Yeast Cell, Budding Yeast Cells and Pseudohyphae of Candida in Gram Stain of Sputum

Single yeast cell, budding yeast cells and pseudohyphae in Gram stain of sputum

Candida albicans in Gram Stain

Gram-stained sputum smear showing Gram-positive Candida albicans single yeast cells, budding yeast cells, and pseudohyphae as shown above picture. It was later confirmed as Candida albicans growing on SDA and performing biochemical tests. Germ tube test (GTT)  was also positive.

Gram’s Staining

It is a differential stain and thus used to differentiate Gram-positive and Gram-negative bacteria. It was originally devised by a Danish bacteriologist, Hans Christian Joachim Gram (1884) as a method of staining bacteria. Fungi are also gram-positive. Yeast cells( fungi) above are suggestive for this.

Principle of Gram Stain

The reaction is dependent on the permeability of the bacterial cell wall and cytoplasmic membrane, to the dye–iodine complex. In Gram-positive bacteria, the crystal violet dye iodine complex combines to form a larger molecule which precipitates within the cell. Also, the alcohol /acetone mixture which acts as a decolorizing agent causes dehydration of the multi-layered peptidoglycan of the cell wall. This causes a decrease in the space between the molecules causing the cell wall to trap the crystal violet iodine complex within the cell. Hence the Gram-positive bacteria do not get decolorized and retain primary dye appearing violet. Also, Gram-positive bacteria have more acidic protoplasm and hence bind to the basic dye more firmly. In the case of Gram-negative bacteria, the alcohol, being a lipid solvent, dissolves the outer lipopolysaccharide membrane of the cell wall and also damages the cytoplasmic membrane to which the peptidoglycan is attached. As a result, the dye-iodine complex is not retained within the cell and permeates out of it during the process of decolonization. Hence when a counterstain is added, they take up the color of the stain and appear pink.

Requirements for Gram Stain

  1. Compound light microscope
  2.  Reagents and glasswares
    Bunsen flame
    Wire loop
    Clean grease-free slides
    Marker pen
    Crystal violet (Basic dye)
    Gram’s iodine(mordant)
    95% ethanol (decolorizing agent)
    1% safranine or dilute carbol fuchsin or neutral red
  3. Specimen (sputum)

Preparation of smear

  • Take a clean and grease-free slide and label it.
  • Transfer mixed loopful sputum on the slide and make a smear.
  • Leave it for air drying.
  • Finally heat fix.

Staining Procedure

  1. Cover the smear with crystal violet and allow it to stand for
    one minute.
  2. Rinse the smear gently under tap water.
  3. Cover the smear with Gram’s iodine and allow it to stand for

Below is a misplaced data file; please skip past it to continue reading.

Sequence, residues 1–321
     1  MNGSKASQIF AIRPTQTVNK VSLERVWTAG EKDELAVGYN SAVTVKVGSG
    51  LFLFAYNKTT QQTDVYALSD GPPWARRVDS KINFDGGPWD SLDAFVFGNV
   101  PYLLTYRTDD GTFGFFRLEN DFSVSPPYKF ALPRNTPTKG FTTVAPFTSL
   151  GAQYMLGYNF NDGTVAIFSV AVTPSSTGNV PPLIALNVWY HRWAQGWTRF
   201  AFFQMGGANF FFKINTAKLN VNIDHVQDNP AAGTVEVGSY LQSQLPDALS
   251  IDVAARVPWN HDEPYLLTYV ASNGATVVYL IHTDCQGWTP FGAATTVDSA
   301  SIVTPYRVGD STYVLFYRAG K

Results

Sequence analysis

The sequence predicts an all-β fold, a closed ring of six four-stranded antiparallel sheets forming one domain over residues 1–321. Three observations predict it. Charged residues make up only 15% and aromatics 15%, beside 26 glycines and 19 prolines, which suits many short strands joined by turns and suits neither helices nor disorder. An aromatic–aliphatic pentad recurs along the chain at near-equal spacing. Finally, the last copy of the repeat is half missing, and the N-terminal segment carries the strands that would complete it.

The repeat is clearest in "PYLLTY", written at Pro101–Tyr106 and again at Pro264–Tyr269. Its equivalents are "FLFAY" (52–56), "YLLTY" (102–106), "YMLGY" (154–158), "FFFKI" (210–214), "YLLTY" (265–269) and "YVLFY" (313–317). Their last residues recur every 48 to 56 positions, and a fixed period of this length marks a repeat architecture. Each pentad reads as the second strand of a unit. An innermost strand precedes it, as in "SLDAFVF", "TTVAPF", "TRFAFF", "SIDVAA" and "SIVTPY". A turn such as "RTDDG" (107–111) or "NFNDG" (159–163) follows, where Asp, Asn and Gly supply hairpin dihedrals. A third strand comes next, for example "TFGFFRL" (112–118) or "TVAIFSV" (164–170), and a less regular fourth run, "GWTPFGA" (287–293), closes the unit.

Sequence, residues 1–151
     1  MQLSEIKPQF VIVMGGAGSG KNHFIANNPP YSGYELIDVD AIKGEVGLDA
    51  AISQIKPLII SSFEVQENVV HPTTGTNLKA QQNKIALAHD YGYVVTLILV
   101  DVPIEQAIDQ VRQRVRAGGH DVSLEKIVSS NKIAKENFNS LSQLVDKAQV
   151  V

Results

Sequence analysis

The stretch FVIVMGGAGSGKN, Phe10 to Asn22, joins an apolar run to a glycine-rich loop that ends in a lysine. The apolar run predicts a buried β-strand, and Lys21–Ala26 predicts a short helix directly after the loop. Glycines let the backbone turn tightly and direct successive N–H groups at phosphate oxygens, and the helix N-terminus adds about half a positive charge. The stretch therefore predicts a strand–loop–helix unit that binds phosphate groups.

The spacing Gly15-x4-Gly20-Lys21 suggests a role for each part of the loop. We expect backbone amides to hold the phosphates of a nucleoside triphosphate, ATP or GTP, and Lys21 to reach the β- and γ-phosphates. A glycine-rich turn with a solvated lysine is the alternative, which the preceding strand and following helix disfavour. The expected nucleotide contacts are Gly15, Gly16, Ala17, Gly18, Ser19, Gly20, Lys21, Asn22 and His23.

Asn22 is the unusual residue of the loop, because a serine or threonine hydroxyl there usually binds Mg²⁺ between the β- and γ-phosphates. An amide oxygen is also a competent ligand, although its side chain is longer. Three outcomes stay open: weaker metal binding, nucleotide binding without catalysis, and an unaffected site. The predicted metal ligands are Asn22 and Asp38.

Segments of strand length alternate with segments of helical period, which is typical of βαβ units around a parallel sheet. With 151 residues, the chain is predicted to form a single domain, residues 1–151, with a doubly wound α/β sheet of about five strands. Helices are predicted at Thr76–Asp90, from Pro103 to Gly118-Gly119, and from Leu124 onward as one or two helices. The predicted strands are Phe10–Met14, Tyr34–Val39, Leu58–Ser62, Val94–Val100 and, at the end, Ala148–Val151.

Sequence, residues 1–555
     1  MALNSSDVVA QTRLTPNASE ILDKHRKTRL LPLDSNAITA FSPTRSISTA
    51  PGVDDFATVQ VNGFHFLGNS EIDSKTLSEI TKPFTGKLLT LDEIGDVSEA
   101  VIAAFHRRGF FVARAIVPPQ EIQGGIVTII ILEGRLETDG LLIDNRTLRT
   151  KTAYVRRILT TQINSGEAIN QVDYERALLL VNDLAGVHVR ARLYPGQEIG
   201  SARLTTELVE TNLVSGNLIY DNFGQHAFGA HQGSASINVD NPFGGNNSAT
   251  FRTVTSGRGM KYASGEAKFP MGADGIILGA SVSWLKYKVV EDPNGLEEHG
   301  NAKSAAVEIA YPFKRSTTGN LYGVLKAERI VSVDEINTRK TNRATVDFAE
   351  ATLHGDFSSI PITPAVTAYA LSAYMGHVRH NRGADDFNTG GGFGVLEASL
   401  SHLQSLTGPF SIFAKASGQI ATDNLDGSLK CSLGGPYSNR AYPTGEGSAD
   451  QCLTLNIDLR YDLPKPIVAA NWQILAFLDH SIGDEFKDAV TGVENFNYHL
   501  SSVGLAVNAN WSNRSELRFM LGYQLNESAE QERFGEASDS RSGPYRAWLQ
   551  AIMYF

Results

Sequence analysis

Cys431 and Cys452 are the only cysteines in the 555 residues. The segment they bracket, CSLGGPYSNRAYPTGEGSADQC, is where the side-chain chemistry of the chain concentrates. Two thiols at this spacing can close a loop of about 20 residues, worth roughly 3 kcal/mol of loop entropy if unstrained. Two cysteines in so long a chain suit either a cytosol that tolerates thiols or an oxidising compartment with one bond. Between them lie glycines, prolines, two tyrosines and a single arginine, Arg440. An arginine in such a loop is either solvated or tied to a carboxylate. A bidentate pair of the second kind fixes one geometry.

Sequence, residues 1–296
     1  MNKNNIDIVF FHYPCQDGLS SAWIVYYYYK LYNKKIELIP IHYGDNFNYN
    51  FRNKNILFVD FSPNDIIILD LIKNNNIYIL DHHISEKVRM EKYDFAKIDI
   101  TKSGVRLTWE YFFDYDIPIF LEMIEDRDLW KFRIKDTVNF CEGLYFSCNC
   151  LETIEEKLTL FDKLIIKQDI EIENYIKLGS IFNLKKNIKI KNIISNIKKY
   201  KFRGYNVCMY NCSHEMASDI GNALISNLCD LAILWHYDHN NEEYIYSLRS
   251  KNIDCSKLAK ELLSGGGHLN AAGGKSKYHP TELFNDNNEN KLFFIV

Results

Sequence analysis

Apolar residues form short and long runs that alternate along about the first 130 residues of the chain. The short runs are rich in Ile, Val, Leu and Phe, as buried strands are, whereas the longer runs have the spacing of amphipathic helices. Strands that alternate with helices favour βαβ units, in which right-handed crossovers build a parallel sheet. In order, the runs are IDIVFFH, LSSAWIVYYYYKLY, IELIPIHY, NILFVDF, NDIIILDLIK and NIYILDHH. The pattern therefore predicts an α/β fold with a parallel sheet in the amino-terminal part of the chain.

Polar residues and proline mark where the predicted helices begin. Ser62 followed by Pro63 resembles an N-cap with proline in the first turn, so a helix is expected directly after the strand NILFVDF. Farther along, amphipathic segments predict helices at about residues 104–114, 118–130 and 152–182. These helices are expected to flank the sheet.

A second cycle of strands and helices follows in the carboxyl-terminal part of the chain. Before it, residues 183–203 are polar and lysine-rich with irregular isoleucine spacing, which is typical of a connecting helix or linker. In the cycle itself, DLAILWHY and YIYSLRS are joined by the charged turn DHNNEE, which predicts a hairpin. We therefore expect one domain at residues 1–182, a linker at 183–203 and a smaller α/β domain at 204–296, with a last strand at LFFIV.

one minute.
  4.  Rinse smear again gently under tap water.
  5. Decolorize the smear with 95% alcohol.
  6. Rinse the smear again gently under tap water.
  7. Cover the smear again gently with safranine for one minute.
  8. Rinse the smear again gently under tap water and air dry it.
  9. Observe the smear first under the low power (10 X) objective, and then under the oil immersion (100X) objective.

Result Interpretation

Gram-positive organism:  Purple or violet in color

Gram-negative organism: Pink or red

Therefore, a Gram-stained smear of sputum under the microscope is showing yeast cells, budding yeast, and pseudohyphae Gram-positive ( above image).

Further Readings

  1. Bailey & Scott’s Diagnostic Microbiology. Editors: Bettey A. Forbes, Daniel F. Sahm & Alice S. Weissfeld, 12th ed 2007, Publisher Elsevier.
  2. Clinical Microbiology Procedure Handbook, Chief in editor H.D. Isenberg, Albert Einstein College of Medicine, New York, Publisher ASM (American Society for Microbiology), Washington DC.
  3. Colour Atlas and Textbook of Diagnostic Microbiology. Editors: Koneman E.W., Allen D.D., Dowell V.R. Jr, and Sommers H.M.
  4. Jawetz, Melnick and Adelberg’s Medical Microbiology. Editors: Geo. F. Brook, Janet S. Butel & Stephen A. Morse, 21st ed 1998, Publisher Appleton & Lance, Co Stamford Connecticut.
  5. Mackie and Mc Cartney Practical Medical Microbiology. Editors: J.G. Colle, A.G. Fraser, B.P. Marmion, A. Simmous, 4th ed, Publisher Churchill Living Stone, New York, Melborne, Sans Franscisco 1996.
  6.  Manual of Clinical Microbiology. Editors: P.R. Murray, E. J. Baron, M. A. Pfaller, F. C. Tenover and R. H. Yolken, 7th ed 2005, Publisher ASM, USA
  7.  Textbook of Diagnostic Microbiology. Editors: Connie R. Mahon, Donald G. Lehman & George Manuselis, 3rd edition2007, Publisher Elsevier.
  8. District Laboratory Practice in  Tropical Countries  –  Part-2-   Monica Cheesebrough-   2nd Edn Update
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